Reinhold Niebuhr’s Christian realism/ Christian idealism
McKeogh, C. (2007). Reinhold Niebuhr’s Christian realism/ Christian idealism. In W. D. Clinton (Ed.), The Realist Tradition and Contemporary International Relations (pp. 191-211). United States of America: Louisiana State University Press.
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The foregoing quip captures a realization that came to the young Reinhold Niebuhr in the 192os and that turned the liberal Christian pastor away from pacifism and toward a more realist ethic of politics. From then until his death in 1971, Niebuhr was to remain always a liberal Christian of realist bent. He was a liberal Christian in his concentration on the law of love as the only absolute and in his rejection of Christian fundamentalism, biblical literalism, and the consequent clash with science. He was a political realist, and rose to national prominence as such in the 1930S and 1940s, in his dismissal of pragmatic pacifism and his advocacy of American responsibility to use force in opposing the Nazi and Soviet threats to the world. He was famous particularly for his sharp attacks on those who failed to see the limits on morality in politics. Yet this realism was but one strand of Niebuhr's dualist approach to politics, the other being his Christian idealism.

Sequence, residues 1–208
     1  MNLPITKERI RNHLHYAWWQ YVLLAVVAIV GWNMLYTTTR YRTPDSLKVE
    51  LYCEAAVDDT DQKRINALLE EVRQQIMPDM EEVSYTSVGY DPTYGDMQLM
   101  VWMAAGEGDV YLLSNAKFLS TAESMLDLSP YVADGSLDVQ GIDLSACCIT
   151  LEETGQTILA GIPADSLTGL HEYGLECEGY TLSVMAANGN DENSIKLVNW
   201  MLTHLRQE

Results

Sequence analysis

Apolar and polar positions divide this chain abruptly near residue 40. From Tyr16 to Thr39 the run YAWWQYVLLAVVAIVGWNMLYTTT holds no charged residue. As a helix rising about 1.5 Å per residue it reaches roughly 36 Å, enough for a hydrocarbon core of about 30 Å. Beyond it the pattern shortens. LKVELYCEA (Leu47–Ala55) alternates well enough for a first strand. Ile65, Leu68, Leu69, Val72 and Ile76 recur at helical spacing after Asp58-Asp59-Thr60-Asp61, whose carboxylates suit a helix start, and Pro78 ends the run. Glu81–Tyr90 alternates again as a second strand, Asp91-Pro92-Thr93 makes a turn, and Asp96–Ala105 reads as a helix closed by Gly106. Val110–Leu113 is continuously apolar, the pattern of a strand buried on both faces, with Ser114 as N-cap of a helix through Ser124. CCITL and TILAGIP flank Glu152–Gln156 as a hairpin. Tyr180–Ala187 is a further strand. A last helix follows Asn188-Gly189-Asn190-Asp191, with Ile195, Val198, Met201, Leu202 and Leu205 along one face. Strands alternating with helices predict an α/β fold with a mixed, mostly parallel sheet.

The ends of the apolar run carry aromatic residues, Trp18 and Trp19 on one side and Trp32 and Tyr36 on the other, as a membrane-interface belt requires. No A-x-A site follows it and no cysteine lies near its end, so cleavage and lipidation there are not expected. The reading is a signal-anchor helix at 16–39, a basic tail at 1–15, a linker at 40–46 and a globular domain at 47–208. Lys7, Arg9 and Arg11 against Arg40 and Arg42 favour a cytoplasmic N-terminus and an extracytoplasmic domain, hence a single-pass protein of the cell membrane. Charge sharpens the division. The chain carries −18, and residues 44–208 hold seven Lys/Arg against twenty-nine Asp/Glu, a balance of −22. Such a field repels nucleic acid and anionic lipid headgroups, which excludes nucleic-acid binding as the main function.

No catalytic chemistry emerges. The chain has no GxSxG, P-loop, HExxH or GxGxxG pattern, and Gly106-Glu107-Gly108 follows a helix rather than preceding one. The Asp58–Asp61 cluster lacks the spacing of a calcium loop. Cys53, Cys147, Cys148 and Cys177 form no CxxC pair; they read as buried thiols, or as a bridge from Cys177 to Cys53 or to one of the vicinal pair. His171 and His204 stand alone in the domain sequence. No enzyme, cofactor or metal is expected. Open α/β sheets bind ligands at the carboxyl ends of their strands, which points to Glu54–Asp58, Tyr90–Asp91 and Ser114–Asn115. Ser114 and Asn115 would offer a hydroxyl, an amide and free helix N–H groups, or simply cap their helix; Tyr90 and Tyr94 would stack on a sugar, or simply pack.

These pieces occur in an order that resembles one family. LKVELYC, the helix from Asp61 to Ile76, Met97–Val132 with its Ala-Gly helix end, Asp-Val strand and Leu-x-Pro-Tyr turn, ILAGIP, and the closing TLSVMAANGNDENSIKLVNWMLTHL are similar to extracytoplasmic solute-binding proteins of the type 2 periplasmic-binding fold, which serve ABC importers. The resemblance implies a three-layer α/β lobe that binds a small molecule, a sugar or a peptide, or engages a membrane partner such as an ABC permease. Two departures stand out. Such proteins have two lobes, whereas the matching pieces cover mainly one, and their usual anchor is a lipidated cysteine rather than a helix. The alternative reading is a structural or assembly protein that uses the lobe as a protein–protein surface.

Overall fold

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This chapter has been published in the book: The Realist Tradition and Contemporary International Relations. © 2007 Louisiana State University Press. Used with permission.